Mirrorless cameras strive for big-camera quality in a little package, and reviews say the Olympus OM-D E-M5 does this better than any other camera. Like big digital SLR (single-lens reflex) cameras, the Olympus dishes up terrific image quality, a pro-grade metal body and plenty of interchangeable lenses. But since it's a Micro Four Thirds camera, those lenses -- and the Olympus' slim, retro-styled body -- are substantially smaller and easier to carry than a bulky DSLR.
Throwback style with modern conveniences. Retro style sets the Olympus OM-D E-M5 apart -- it looks like an old-fashioned film SLR camera. This throwback styling conceals two modern conveniences: an electronic viewfinder and a tilting, 3-inch OLED touch screen. With a body about the size of an index card and just 1.7 inches thick, the Olympus OM-D E-M5 saves a lot of bulk over a DSLR. There's still room for plenty of physical buttons and dials (which some consider to be too small), much to the delight of professional testers who demand full controls at their fingertips. One drawback is that even pros find the Olympus time-consuming to set up, partly because you can customize just about every button on it.
DSLR-like image quality. If you want significantly better images than the Olympus OM-D E-M5 can crank out, you'll have to shell out twice as much for a full-frame DSLR, say experts -- it's that good. Vibrant colors and low-light prowess rival DSLRs, even in low light and without an ISO 100 setting. Full 1080i HD video looks clear and steady in tests, thanks to the Olympus' 16-megapixel image sensor and sophisticated image stabilizer. Speed mostly impresses experts, too. Olympus claims the world's fastest autofocus with the E-M5's kit lens. Burst shooting races along at 9 full-resolution frames per second without image stabilization. However, tracking a moving subject with continuous autofocus is "distinctly unreliable" in one test.
Splashproof, dustproof, tough metal body. Experts count the Olympus' sturdy body as a major asset. It's crafted of magnesium alloy (not plastic), and the whole package -- camera, bundled lens and flash -- is "rigorously gasketted to help keep water and dust out," writes Richard Butler at DPReview.com. The optional battery grip and lens adapter are, too (so you can use sealed Four Thirds lenses). In fact, it's just as dustproof and splashproof as Olympus' top-of-the-line DSLR, the E5 (Est. $1,725 body only). "Just holding the camera tells you there's something different about the E-M5," Shawn Barnett of Imaging-Resource.com writes. "It's solid with or without the grip, and it has a more professional feel than most cameras in the category."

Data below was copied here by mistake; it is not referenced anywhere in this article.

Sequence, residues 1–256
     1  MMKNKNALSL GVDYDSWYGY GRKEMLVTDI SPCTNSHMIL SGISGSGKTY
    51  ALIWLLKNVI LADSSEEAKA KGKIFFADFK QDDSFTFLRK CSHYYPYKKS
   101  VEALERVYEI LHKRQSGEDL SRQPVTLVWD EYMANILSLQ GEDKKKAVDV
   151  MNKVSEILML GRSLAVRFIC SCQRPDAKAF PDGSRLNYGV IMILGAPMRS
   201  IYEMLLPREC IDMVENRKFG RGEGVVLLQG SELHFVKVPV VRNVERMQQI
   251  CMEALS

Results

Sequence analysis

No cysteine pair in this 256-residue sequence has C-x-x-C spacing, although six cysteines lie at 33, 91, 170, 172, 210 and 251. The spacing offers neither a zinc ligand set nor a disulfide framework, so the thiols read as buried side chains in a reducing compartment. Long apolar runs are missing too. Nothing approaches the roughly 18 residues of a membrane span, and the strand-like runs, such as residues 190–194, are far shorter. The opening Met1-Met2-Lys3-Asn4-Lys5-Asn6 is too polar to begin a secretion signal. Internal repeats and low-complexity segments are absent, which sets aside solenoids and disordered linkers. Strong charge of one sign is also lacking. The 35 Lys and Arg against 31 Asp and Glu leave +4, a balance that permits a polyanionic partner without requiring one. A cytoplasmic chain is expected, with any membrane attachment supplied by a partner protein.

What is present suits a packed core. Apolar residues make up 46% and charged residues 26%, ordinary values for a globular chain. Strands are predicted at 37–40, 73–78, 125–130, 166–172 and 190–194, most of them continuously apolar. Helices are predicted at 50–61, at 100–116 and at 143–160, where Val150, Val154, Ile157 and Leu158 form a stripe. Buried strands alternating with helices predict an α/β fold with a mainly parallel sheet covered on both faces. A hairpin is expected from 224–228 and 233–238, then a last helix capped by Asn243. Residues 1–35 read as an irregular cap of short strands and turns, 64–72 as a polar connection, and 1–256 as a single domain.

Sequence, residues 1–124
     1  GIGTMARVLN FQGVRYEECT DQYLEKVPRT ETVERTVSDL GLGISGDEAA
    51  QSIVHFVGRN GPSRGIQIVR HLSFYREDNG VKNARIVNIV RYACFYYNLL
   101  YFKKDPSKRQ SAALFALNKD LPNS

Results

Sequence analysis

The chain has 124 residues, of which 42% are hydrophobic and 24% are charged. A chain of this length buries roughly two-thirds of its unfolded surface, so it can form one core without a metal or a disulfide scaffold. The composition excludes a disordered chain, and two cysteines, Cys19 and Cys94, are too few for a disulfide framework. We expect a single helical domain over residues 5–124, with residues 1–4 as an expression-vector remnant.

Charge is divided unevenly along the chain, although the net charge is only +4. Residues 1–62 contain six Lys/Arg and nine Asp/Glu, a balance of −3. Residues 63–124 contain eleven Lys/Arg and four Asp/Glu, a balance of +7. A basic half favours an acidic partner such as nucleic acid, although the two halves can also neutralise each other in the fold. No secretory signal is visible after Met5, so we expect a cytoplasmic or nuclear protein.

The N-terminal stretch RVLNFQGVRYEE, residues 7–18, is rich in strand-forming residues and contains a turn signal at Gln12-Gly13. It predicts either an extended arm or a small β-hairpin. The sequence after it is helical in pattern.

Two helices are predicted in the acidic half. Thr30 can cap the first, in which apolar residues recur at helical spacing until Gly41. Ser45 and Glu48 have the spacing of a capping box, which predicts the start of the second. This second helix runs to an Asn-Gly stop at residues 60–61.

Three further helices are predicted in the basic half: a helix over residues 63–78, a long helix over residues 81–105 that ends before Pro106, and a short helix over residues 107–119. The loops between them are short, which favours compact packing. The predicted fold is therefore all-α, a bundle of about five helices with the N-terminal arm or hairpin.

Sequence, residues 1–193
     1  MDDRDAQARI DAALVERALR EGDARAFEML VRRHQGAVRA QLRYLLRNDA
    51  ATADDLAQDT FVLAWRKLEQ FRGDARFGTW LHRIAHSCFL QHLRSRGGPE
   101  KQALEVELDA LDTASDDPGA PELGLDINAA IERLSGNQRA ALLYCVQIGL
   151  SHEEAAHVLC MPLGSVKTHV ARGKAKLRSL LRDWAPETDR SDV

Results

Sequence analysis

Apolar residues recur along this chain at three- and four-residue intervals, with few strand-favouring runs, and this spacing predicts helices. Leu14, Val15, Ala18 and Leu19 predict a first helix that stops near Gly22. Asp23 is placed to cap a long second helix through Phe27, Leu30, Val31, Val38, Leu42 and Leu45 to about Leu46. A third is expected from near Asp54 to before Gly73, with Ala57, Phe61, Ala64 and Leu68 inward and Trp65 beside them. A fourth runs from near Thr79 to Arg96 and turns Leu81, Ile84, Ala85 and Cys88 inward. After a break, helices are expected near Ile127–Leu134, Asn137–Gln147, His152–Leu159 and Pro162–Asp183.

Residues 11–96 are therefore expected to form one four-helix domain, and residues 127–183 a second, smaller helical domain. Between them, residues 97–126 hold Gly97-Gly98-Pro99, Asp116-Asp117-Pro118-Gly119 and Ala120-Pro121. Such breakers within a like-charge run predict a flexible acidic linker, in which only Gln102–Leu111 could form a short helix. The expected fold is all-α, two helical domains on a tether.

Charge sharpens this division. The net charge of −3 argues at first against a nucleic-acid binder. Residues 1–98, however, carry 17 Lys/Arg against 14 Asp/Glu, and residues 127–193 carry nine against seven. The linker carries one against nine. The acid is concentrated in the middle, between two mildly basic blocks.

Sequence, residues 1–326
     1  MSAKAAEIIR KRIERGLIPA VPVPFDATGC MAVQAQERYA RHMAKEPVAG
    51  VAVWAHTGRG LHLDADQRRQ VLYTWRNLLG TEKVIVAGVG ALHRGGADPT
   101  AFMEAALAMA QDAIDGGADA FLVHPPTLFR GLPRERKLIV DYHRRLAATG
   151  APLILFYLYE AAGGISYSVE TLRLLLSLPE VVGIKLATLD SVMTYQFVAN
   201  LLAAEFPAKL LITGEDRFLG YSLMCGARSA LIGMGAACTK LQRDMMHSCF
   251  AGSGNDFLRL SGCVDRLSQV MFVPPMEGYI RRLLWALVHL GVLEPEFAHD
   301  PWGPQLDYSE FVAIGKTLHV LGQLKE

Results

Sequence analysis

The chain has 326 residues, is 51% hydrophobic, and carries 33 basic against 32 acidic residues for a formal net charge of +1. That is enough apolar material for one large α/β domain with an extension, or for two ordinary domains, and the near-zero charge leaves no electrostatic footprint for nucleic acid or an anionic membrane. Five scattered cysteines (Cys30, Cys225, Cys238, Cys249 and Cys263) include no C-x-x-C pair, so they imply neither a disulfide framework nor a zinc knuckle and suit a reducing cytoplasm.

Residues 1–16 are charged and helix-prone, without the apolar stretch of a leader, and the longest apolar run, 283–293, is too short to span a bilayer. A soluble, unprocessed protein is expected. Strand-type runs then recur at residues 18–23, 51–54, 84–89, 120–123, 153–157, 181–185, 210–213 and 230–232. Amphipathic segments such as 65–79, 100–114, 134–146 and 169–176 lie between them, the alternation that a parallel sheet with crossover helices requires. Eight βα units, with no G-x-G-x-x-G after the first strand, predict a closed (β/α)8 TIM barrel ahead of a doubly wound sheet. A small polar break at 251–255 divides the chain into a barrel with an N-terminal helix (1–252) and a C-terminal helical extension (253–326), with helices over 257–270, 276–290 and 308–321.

Biggest selection of lenses in its class. Lack of lenses is the downfall of many compact system cameras -- but not the Olympus OM-D E-M5. It accepts a plethora of lenses from Olympus, Panasonic and Sigma. It's "easily the largest lens range out of all the compact system cameras on the market," says Phil Hall at WhatDigitalCamera.com. There's no pop-up flash, but a small, separate flash that slides on to the hot shoe. It's "surprisingly weak," Imaging-Resource.com reviewers say, but it can control multiple other flashes wirelessly. The OM-D E-M5 sports plenty of special effects (you can make your photo look like Pop Art, Grainy Film, etc.) along with 3D shooting, sweep panorama and handheld night modes. There's a built-in microphone, but no microphone jack; you have to buy a $90 adapter to use an external mic.
"Arguably the most likable mirrorless model yet," the Olympus OM-D E-M5 wins DPReview.com's rare Gold Award. It's not as good at capturing fast motion as a DSLR, but that's really its only downfall.
Review: Olympus OM-D E-M5 Review, Richard Butler, April 2012
Imaging-Resource.com tests fewer point-and-shoot cameras than other sources, concentrating instead on impeccable reviews of advanced cameras. After testing every aspect of the Olympus OM-D E-M5 in elaborate detail, experts here conclude that it "will remain one of our favorite digital cameras for some time to come."
Review: Olympus E-M5 Review, Shawn Barnett, Mike Tomkins and Zig Weidelich, June 15, 2012
In another rare feat, the Olympus OM-D E-M5 captures PhotographyBlog.com's 5-star Essential award. Mark Goldstein's only complaint is that it's expensive. Otherwise, he says, "The Olympus OM-D E-M5 is simply our favourite compact system camera to date."
Review: Olympus OM-D E-M5 Review, Mark Goldstein, May 14, 2012
4. What Digital Camera
The Olympus OM-D E-M5 wins yet another Gold Award here. Phil Hall wishes the ISO range started at 100, but otherwise, it "has to be one of the best compact system cameras we've seen."
Review: Olympus OM-D Review, Phil Hall, March 28, 2012
A 4.6-star average rating (out of 5) in over 240 owner reviews makes the Olympus OM-D E-M5 a top-rated digital camera here. In fact, only a handful give it less than 4 stars, usually because they got a dud. Some of the reviews are extremely detailed.
Review: Olympus OM-D E-M5 16MP Live MOS Interchangeable Lens Camera, Contributors to Amazon.com, As of May 2014
This retailer posts separate owner reviews for each color and lens configuration of the Olympus OM-D E-M5 -- and all versions earn extremely high marks. The black kit lens version gets the most reviews (over 130), all rating it 4 or a perfect 5 stars. Several reviewers identify themselves as pro or semipro photographers, and several post sample photos shot with the camera.
Review: Olympus OM-D E-M5 Mirrorless Micro Four Thirds Digital Camera with 12-50mm Lens (Black), Contributors to BHPhotoVideo.com, As of May 2014